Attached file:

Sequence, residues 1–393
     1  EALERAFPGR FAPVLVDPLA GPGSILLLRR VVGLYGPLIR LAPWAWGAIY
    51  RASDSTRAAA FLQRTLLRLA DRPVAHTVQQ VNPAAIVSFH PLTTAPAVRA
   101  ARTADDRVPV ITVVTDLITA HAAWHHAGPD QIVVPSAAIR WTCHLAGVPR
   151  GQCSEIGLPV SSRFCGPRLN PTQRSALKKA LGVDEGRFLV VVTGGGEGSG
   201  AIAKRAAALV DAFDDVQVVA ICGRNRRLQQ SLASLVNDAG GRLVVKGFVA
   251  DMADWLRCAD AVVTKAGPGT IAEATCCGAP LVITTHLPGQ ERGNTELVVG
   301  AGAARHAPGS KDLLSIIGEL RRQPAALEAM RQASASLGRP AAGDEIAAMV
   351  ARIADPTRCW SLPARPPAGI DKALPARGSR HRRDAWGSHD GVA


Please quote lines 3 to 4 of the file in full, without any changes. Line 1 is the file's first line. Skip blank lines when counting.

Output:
    51  RASDSTRAAA FLQRTLLRLA DRPVAHTVQQ VNPAAIVSFH PLTTAPAVRA
   101  ARTADDRVPV ITVVTDLITA HAAWHHAGPD QIVVPSAAIR WTCHLAGVPR